Mugabe concedes PM's power

HARARE - President Robert Mugabe yesterday shamed hardliners in his Zanu PF party who have taken every opportunity to ridicule Prime Minister Morgan Tsvangirai by conceding that the two rivals share executive power.

In a speech pregnant with peace messages, Mugabe told the constitution-making process’ Second All-Stakeholders’ Conference opening ceremony that the principals to the power sharing Global Political Agreement (GPA) are the ultimate authority on the governance charter.

“The three of us wrote that thing you call the GPA. It is us also who said to our parliamentarians ‘you are all forced to vote for the GPA, is that democracy?’ It was an agreement that we forced them in unanimity, they voted in fear,” said the octogenarian Zimbabwean strongman.

“I am saying this because Parliament thinks that it is so sovereign, that it should control the actions of Principals, it’s not it. There are limitations, of course we cannot do everything, but we are the executive and we are the ones who caused the GPA and this process.

“We are the ones (including Mutambara) who rejected the Kariba Draft. Some have been questioning why we are interested in the constitution making process; because we are the ones who caused it. Mwonzora naMangwana wako mangamaakuvhaira and Mangwana you were getting carried away) sometimes people fail to see where power has been derived from,” said Mugabe.

Addressing the same gathering earlier, Tsvangirai said in as much as the Principals would exercise executive power over the constitution making process, Parliament would have the final say.

“We have agreed as Principals that this is a Parliament and people driven process in which we will exercise executive guidance. However, Parliament will have the final say. We have no intention, at least on my part, to temper with the views of the people. After all, the people will reserve their right to speak at the referendum,” said Tsvangirai.

Deputy Prime Minister Arthur Mutambara, who spoke first, said constitutions are made on the assumption that the governed do not trust the governors.

“The governed must never trust the rulers. That is a fundamental assumption in crafting of a constitution and we must put in this document safeguards to protect the people from leaders,” Mutambara said to rapturous applause.

Often accused of brutal repression during his 32-year-rule, Mugabe yesterday sounded a reconciliatory tone, calling for peace and describing violence as “primitive”.

Mugabe was addressing the opening plenary session of the second All-Stakeholders conference in Harare at which he referred to his arch-foe Tsvangirai as a “Zanu PF neighbour”.

“We sat down the three of us, some may call us an unholy trinity but sometimes we do also holy things. Did you ever think I would work with Tsvangirai? Or did he ever think he would work with me and that boy (Mutambara) used to abuse and throw stones at me during his days at the University of Zimbabwe.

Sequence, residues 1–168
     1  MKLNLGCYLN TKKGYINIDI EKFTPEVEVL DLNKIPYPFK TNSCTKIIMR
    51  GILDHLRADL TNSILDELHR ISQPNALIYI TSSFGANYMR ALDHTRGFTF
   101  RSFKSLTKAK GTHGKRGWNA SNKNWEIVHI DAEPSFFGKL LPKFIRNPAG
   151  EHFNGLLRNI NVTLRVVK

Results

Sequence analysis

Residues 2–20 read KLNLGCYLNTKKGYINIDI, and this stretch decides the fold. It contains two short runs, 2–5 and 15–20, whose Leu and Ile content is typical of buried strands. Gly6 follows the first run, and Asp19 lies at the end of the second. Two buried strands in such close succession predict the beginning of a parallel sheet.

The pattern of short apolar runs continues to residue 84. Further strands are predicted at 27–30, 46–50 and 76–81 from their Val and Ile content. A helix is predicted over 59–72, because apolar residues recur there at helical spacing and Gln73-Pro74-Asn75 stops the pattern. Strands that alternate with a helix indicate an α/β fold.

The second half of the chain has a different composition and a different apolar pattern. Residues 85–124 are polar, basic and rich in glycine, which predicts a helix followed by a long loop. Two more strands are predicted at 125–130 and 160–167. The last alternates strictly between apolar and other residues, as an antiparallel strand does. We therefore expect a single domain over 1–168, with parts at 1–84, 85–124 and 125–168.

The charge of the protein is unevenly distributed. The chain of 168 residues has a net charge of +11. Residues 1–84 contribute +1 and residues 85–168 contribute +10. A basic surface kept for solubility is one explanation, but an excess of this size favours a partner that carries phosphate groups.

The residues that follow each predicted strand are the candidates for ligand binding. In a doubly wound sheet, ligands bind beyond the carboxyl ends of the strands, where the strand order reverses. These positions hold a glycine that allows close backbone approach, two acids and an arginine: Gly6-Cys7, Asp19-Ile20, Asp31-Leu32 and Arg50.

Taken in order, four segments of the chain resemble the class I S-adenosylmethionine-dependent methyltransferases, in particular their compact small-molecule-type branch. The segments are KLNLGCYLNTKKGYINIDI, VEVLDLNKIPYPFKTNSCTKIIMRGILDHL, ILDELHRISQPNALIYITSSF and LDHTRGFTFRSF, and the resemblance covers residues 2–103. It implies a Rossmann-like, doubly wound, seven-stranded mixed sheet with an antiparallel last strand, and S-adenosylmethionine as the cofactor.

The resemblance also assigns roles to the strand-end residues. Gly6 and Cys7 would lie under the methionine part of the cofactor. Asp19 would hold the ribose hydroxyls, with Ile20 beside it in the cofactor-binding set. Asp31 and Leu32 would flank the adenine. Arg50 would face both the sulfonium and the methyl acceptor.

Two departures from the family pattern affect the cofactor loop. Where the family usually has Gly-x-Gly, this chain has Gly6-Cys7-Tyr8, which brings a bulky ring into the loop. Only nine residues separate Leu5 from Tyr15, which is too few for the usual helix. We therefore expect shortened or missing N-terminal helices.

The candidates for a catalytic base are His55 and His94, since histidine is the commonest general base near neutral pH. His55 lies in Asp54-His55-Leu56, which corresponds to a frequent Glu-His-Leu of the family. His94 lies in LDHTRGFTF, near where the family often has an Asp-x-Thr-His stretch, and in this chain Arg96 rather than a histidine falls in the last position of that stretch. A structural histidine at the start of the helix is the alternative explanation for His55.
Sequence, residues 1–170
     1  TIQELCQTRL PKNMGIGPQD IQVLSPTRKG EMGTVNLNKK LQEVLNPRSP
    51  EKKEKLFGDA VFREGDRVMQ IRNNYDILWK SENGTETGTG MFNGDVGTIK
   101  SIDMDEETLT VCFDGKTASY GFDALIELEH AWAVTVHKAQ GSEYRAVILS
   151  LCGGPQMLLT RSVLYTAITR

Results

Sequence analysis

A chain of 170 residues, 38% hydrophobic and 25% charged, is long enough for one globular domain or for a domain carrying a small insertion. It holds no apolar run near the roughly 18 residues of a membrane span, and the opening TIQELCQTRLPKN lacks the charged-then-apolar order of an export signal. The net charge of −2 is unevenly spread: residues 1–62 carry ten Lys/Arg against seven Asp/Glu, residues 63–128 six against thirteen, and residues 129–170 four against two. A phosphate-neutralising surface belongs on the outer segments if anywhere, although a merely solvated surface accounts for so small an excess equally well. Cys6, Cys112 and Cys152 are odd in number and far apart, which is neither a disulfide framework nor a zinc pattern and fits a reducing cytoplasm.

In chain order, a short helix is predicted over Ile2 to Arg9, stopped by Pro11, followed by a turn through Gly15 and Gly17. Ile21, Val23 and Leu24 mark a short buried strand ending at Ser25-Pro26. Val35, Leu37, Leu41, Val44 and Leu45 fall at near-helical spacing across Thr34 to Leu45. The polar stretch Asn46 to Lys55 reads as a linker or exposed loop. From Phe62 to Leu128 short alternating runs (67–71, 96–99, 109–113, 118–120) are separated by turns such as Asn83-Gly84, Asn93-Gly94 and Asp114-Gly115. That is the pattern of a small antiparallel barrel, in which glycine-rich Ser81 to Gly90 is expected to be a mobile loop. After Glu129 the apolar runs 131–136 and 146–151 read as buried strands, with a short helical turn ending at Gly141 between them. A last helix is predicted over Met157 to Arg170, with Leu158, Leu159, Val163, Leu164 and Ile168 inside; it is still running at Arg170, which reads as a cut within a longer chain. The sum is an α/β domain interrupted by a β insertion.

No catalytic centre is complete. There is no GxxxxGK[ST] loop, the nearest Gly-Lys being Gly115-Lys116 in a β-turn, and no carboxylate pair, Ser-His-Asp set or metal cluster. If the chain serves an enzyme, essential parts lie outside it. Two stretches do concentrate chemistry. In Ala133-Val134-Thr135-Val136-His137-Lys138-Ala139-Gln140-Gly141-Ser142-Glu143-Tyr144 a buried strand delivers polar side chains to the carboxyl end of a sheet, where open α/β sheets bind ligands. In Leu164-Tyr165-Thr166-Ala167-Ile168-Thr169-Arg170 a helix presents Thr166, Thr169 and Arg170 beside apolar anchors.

“Now he is mature and honai gede-gede taatose matombo torohwa tiritose zvino (Now we are in it together and we are chastised together). Those are things that happen,” said Mugabe.

“As we embark on this very important process please exercise restraint, tolerance and work in harmony. Zimbabweans are praised the world over for our education and enlightenment in all disciplines. But all this comes crushing down when we think of violence.

Mugabe went biblical as he tried to reinforce his peace message telling the gathering: “Love thy neighbour.”

“If we are that learned, then surely violence is primitive and here I would like to speak to Zanu PF; Tsvangirai is your neighbour and to the MDC; Mugabe is your neighbour,” the 88-yeard-old Zanu PF leader said.

“Kana usisandide varipo vanondidawo (If you do not love me, no problem, there are some who love me), but there are those that will say why are you voting against this or that party. We do not want that. Let us shame our detractors who think Zimbabweans cannot resolve their differences without resorting to violence,” said Mugabe.

Tsvangirai also urged tolerance and peace in the run-up and during the elections next year.

“Be tolerant of each other’s views and after three and half years those who doubted and were sceptical of our resilience as a people; those that wished Armageddon on this country should stand ashamed,” he said.

“Today we are on the threshold of history as we mark an important milestone in the constitution making process and this importance should not be lost in the needless pursuit of narrow petty party interests,” he said.

The second All-Stakeholders conference meanwhile was marred after the MDC led by Industry minister Welshman Ncube staged a mini-boycott arguing his party would not share a podium with rival Mutambara.
At a hastily arranged press conference, Ncube said Mugabe was trying to “foist Mutambara on his party” in a desperate bid to collapse the constitution making process and the GPA.

“The MDC has lodged a formal complaint with the Sadc facilitator (South African President Jacob Zuma) and Sadc troika chairperson Jakaya Kikwete (Tanzanian leader) and we will be writing formal letters to them.
“However, we have resolved to participate in the thematic committees but not in any forum where Mutambara is a participant,” said Ncube.

Mugabe admits Tsvangirai’s power

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